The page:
Love Letter To Japan

Otoro nigiri at the Fish Market in Yaizu City

I realize today is a day when people are supposed to express their love for other people. At least that’s what Hallmark and your neighborhood flower shop hope you’ll do. But I’m using today as an excuse to write a short note to my new love: Japan. Nothing you’ve experienced in the U.S. can prepare you for the wave of hospitality and warmth you encounter at every turn – not to mention the incomparable food. From the lady who packs up the bento boxes in the train station basement, to the ticket takers and cleaners who keep everything immaculate, the deferential bowing, honoring you as a guest, as a customer, and thanking you constantly with an “arigato gozaimasu” can’t help put you in better mood. It doesn’t matter if you’re a C.E.O. or a bicycle delivery boy, the prevailing sentiment in every corner of this country is one of welcome.


I fell hard on my first visit, about a year ago. Sitting at the 10-seat counter at Sushi Shou in Tokyo, being handed Okinawan sea grapes and cuttlefish with red snapper nigiri, I knew that what I had seen in the movies (mainly “Jiro Dreams of Sushi”) was no fluke. The dedication to a single craft is a pervasive mantra. Cooks at Sushi Shou, I was told, work five years before they can slice fish; another five until they can make the rice.


Its been three years since the earthquake and tsunami that shook the country and its nuclear reactor in Fukushima. I got to experience an earthquake first-hand last week, at 2 a.m., which registered a 4 – enough to freak me out, but not enough, apparently, to startle the locals, as they deal with tremors all of the time. Radiation is something everyone thinks about, as they are told water and fish samples are taken every week, to ensure safe levels are being consumed.  You wouldn’t know anything is wrong by the looks on the women’s faces in the basement of Takashimaya. There, in the depachka, I could spend an entire afternoon, sampling, nibbling and eating with my eyes. The Japanese penchant for display and presentation is without peer. I almost hated to open up any of my treats, they looked so good.


The diet is another thing altogether. Think of a regimen that includes as much seafood as you like (in a rotating seasonal dance that alters menus every week), rice in dozens of permutations (sake, mochi, sushi) and assortments of pickles, vegetables and fruits, all arranged on beautiful platters or in bento boxes. Everyone in Japan is obsessed with food. If it’s not food porn on TV, someone is eating it on TV or talking about it, or asking a friend or contestant what and how they like to eat. My kind of place. Of course, everything is fresh, of-the-moment and of-a-certain-place, but what truly gets me excited each time I come back, is the promise of discovering something new, something delicious and something totally foreign to me, despite whatever notions I had that, somehow, I knew what I was talking about before I even got here. Eating through a week in Japan just makes you realize how little we American “food lovers” really know about this culture. Not just the ingredients, but the rituals, the traditions and the cooking methods. I can’t wait to go back and learn some more.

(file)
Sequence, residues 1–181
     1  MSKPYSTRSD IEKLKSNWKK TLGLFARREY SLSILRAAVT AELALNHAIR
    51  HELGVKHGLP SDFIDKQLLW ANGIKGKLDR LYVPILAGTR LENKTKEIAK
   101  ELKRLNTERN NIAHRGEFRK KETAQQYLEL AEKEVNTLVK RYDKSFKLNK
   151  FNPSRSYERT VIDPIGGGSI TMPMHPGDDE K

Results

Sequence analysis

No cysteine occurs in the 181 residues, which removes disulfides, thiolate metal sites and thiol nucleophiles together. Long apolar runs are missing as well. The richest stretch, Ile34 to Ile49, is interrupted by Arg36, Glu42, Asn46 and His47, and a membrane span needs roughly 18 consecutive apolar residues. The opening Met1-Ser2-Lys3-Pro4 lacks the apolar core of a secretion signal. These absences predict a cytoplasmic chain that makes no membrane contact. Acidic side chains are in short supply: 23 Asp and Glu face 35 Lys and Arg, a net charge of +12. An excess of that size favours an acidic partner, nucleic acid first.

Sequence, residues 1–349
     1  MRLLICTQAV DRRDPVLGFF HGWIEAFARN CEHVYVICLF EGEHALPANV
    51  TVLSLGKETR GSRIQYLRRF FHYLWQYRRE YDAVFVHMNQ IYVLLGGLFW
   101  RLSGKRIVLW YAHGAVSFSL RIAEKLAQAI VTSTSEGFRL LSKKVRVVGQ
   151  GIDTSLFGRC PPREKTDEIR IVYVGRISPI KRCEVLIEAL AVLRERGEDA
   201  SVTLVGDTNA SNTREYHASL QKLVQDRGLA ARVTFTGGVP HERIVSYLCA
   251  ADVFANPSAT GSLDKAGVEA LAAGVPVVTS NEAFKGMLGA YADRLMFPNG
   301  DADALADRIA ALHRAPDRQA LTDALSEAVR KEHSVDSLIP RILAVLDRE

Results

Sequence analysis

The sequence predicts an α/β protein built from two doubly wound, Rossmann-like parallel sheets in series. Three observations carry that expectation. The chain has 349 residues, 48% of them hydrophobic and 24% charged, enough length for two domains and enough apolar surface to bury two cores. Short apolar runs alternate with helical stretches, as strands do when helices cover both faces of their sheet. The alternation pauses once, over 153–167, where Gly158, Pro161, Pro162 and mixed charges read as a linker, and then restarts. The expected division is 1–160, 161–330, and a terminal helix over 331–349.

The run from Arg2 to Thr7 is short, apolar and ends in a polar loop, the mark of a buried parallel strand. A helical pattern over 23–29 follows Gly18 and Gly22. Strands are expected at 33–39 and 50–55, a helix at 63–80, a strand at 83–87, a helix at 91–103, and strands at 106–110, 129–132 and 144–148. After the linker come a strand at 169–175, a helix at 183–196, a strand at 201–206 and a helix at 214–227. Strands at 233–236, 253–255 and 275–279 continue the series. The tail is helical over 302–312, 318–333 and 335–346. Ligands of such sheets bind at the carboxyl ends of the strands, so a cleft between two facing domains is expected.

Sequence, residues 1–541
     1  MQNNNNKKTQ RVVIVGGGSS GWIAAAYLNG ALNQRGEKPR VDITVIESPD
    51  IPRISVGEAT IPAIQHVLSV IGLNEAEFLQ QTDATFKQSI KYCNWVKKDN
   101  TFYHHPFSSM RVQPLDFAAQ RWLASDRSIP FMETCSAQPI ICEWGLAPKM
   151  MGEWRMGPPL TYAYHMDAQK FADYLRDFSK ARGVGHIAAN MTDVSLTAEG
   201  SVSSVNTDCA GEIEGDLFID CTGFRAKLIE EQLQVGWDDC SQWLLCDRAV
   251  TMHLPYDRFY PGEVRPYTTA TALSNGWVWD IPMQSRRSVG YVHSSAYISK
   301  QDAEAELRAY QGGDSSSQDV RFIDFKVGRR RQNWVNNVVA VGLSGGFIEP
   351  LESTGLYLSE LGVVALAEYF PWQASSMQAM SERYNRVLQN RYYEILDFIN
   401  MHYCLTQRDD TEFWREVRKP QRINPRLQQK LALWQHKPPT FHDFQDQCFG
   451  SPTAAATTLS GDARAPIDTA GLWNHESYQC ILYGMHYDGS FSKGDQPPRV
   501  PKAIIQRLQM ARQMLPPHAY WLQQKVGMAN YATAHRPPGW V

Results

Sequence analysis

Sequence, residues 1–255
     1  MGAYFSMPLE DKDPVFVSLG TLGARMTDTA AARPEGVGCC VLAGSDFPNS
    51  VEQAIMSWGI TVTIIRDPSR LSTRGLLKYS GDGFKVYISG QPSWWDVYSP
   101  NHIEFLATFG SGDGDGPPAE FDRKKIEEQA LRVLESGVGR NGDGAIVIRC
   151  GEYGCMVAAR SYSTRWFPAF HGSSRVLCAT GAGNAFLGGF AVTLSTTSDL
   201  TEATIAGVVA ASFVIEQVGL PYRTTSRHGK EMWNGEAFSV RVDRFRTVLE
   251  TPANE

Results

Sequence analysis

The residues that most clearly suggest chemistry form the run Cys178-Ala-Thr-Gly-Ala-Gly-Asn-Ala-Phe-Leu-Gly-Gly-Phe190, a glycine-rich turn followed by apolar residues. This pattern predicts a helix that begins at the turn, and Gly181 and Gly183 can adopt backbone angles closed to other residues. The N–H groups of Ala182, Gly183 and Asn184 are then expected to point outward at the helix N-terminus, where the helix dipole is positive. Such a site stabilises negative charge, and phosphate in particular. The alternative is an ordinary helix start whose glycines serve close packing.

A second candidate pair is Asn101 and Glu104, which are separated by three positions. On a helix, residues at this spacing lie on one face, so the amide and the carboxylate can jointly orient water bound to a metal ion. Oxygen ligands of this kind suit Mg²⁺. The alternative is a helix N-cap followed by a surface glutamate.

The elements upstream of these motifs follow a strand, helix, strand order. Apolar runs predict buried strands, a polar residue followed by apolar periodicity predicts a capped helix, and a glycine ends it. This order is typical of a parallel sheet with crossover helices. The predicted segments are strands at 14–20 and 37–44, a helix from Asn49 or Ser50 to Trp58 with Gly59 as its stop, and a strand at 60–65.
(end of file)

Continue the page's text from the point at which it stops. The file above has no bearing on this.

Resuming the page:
Here’s a partial list of the places I ate on my two trips:



For information about Yukari Sakamoto’s food/sake tours of Tokyo visit


Sushi Sho

Yorindo Building, 1F

1-11 Yotsuya Shinjuku-ku

Tel: +813 3351 6387


Park Hyatt Hotel (Japanese breakfast is astounding)

3-7-1 Nishishinjuku, Shinjuku, Tokyo 163-1055


Otofuku (oden – seasonal veg, fish cakes, in broth)

1-6-2 Senzoku, Taito-ku, Tokyo


Sushi Dai Bekkan (near Tsukiji Market)

Tsukiji 6-13-3, Chuo-ku, Tokyo


Tsunahachi (tempura)

3-31-8 Shinjuku, Shinjuku-ku, Tokyo


Streamer Coffee Company (amazing lattes and latte art; owner trained Brendan Sodikoff’s team in Chicago)

1-20-28, Shibuya, Shibuya-ku, Tokyo


Ginza Bairin (tonkatsu – breaded and fried pork cutlets with cabbage)

7-8-1, Ginza, Chuo-ku, Tokyo, 104-0061


Tonkatsu Maisen (tonkatsu – breaded, fried pork cutlets)

4-8-5 Jingumae, Shibuya-ku, Tokyo


Tonkotsu Bankara (ramen, although there are hundreds of great ramen joints in the city, this is merely one, featuring milky white pork-based tonkotsu broth)

3-13-5 Shinbashi, Chuo-ku, Tokyo




Tempura Matsu (tasting menu; must-visit. Despite name, tempura is now only small part of what they do)

21-26 Umezu Ohnawaba-cho, Ukyo-ku, Kyoto


Kora-Tei (okonomiyaki, the veg/seafood pancakes with mayo, although much better versions found in Osaka)

943-3 Kamigyouku Simokiyokuraguchi Chyou, Kyoto


Fukujuen (tea and tea ceremony)

Shijo Tominokoji, Shimogyo-Ku, Kyoto-City, Kyoto



Shiogama (in the north, near Sendai)

Sushi Tetsu

Shiogama, Miyagi Prefecture City Kaigandori 2-22



Sendai (specialty in Sendai is beef tongue, or “gyutan”)

Dateno Gyutan

4-10-11 Chuo, Apba-ku, Sendai, Miyagi Prefecture 980-0021



In Yaizu City (about an hour south of Tokyo, near the Shin Marusho stop)

I would highly recommend stopping here at the local fish market, which has all sorts of amazing items – boiled seaweed with wasabi, dried eel sweetened with sugar and sesame, herring roe flecked with fresh wasabi – there are also half a dozen restaurants tucked into the market, all serving fresh sushi. You can buy sides of tuna here and some great souvenirs, like shark skin wasabi graters and tons of katsuobushi (dried tuna), the source of umami, along with the requisite graters.

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